Game changer

Marvin Miller ushered in lucrative free agency era

November 04, 2013
2014 Expansion Era candidate Marvin Miller. (Milo Stewart, Jr./NBHOF)

The business of baseball, with some minor bumps, ran in the owners’ favor for almost 100 years.

Marvin Miller changed that.

Miller, who served as the executive director for the Major League Baseball Players Association from 1966-82, is one of 12 finalists on this year’s Expansion Era Committee ballot that will be considered by the committee on managers, umpires, executives and long-retired players at the National Baseball Hall of Fame and Museum. The 16-person committee will vote on Dec. 8 at baseball’s Winter Meetings in Orlando, Fla., and the results of the vote will be announced Dec. 9.

The 12 candidates on the Expansion Era Committee ballot are: Dave Concepcion, Bobby Cox, Steve Garvey, Tommy John, Tony La Russa, Billy Martin, Dave Parker, Dan Quisenberry, Ted Simmons, George Steinbrenner, Joe Torre and Miller. Any candidate who receives at least 75 percent of all ballots cast will be enshrined in the Hall of Fame as part of the Class of 2014.

The Committee consists of Hall of Famers Rod Carew, Carlton Fisk, Whitey Herzog, Tommy Lasorda, Joe Morgan, Paul Molitor, Phil Niekro and Frank Robinson; executives Paul Beeston, Andy MacPhail, David Montgomery and Jerry Reinsdorf; and media members Steve Hirdt, Bruce Jenkins, Jack O’Connell and Jim Reeves.

Miller was born in New York City on April 14, 1917, and graduated from New York University in 1938 with a degree in economics. He worked for the government for nine years, including a stint at the National War Labor Relations Board. He then worked as a labor economist for the International Association of Machinists, the United Auto Workers and the United Steelworkers – becoming the latter’s lead negotiator.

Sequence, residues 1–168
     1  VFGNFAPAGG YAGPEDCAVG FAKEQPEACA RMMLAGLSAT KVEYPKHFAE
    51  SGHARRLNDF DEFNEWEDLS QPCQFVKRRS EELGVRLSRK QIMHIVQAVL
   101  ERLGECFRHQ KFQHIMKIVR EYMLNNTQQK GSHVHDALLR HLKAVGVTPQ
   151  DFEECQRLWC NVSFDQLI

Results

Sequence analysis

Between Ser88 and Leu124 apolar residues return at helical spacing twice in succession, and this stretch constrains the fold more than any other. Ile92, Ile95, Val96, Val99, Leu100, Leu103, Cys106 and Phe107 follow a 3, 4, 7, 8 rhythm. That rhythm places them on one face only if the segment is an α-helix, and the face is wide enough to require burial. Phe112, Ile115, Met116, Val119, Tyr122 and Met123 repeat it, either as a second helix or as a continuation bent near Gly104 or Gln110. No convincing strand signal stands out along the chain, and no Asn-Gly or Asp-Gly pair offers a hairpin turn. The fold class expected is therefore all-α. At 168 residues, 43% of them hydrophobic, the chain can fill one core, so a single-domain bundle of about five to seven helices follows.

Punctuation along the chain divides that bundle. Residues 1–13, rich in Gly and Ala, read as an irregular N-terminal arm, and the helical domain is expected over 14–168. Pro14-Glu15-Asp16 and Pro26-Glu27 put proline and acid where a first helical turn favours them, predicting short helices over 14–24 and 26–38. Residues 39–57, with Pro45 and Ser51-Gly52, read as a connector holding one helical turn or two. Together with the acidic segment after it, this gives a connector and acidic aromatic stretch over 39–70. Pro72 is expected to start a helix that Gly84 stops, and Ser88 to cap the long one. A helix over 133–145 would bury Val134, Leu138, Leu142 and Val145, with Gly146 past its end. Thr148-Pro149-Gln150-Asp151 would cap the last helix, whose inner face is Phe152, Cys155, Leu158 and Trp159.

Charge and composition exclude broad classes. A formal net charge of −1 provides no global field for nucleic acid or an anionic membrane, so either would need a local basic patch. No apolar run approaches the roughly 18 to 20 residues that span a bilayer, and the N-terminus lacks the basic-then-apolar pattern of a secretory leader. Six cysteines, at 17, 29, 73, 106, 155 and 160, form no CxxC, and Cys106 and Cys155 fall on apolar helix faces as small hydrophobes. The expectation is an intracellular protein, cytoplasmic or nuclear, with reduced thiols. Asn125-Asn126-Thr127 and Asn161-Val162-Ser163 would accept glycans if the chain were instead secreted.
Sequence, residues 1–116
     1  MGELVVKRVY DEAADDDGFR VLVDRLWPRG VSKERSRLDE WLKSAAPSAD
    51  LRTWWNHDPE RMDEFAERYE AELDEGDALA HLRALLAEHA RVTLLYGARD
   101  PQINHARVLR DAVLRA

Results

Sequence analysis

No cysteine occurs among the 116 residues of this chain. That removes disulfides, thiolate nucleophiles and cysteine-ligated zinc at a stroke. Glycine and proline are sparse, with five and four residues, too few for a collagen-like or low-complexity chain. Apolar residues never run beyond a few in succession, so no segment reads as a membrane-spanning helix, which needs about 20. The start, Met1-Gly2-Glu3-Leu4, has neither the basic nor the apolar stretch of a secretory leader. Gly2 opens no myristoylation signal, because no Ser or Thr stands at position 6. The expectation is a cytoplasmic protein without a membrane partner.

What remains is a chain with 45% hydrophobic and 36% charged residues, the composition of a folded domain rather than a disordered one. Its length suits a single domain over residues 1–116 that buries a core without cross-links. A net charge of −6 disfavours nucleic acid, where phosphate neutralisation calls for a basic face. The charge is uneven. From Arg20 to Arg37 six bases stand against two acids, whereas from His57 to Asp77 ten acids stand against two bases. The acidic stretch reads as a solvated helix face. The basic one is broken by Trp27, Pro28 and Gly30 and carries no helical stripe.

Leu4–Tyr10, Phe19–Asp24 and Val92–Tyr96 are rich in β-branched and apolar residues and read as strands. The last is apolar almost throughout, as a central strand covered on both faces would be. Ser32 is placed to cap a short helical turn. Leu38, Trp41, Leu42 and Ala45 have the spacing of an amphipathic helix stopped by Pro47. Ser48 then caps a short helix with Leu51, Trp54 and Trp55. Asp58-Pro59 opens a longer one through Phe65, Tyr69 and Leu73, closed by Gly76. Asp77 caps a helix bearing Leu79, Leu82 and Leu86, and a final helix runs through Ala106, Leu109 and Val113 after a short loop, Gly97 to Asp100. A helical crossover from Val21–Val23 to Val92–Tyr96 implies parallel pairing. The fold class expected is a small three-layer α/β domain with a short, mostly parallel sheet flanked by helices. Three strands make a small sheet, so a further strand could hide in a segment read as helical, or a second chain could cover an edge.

In 1966, Miller was elected head of the MLBPA – an organization which never had a full-time representative.

“The biggest problem in the beginning was the low self-esteem of the players,” Miller said. “They had been so beaten down that they really didn’t understand their value in the game.”

Miller, however, quickly changed the players’ thinking. By 1970, Miller had increased the minimum salary by more than 25 percent to $10,000 and won the right for the players to seek arbitration to resolve contract disputes. Miller counseled Curt Flood during his 1971 Supreme Court case against the reserve clause – the provision which bound players to their teams forever – preparing Flood for an eventual loss but using the case as a trial ground for future action.

In 1975, that action came when Miller and the union tested the reserve clause through arbitration. Pitchers Andy Messersmith and Dave McNally played the 1975 season without signing their contracts, then contended that they were free agents due to the wording of reserve clause. Arbitrator Peter Seitz agreed, and suddenly baseball’s economic structure was thrown on its ear.

Free agency began in earnest following the 1976 season, when the average major league player was making $50,000 per year. When Miller retired in 1982, the average salary was $241,497.

Today, the average player makes more than $3 million per season.

Miller’s tenure also included several work stoppages, including the surprising strike of 1972 and the 1981 strike that shut down baseball for 50 days. In 1982, Miller stepped down as the MLBPA head in favor of Donald Fehr.

“I take a great deal of satisfaction in what we accomplished,” Miller said. “The changes that needed to be made were so fundamental and basic that it didn’t take a rocket scientist to say what needed to be changed.”

Miller passed away on Nov. 27, 2012.

Craig Muder is the director of communications at the National Baseball Hall of Fame and Museum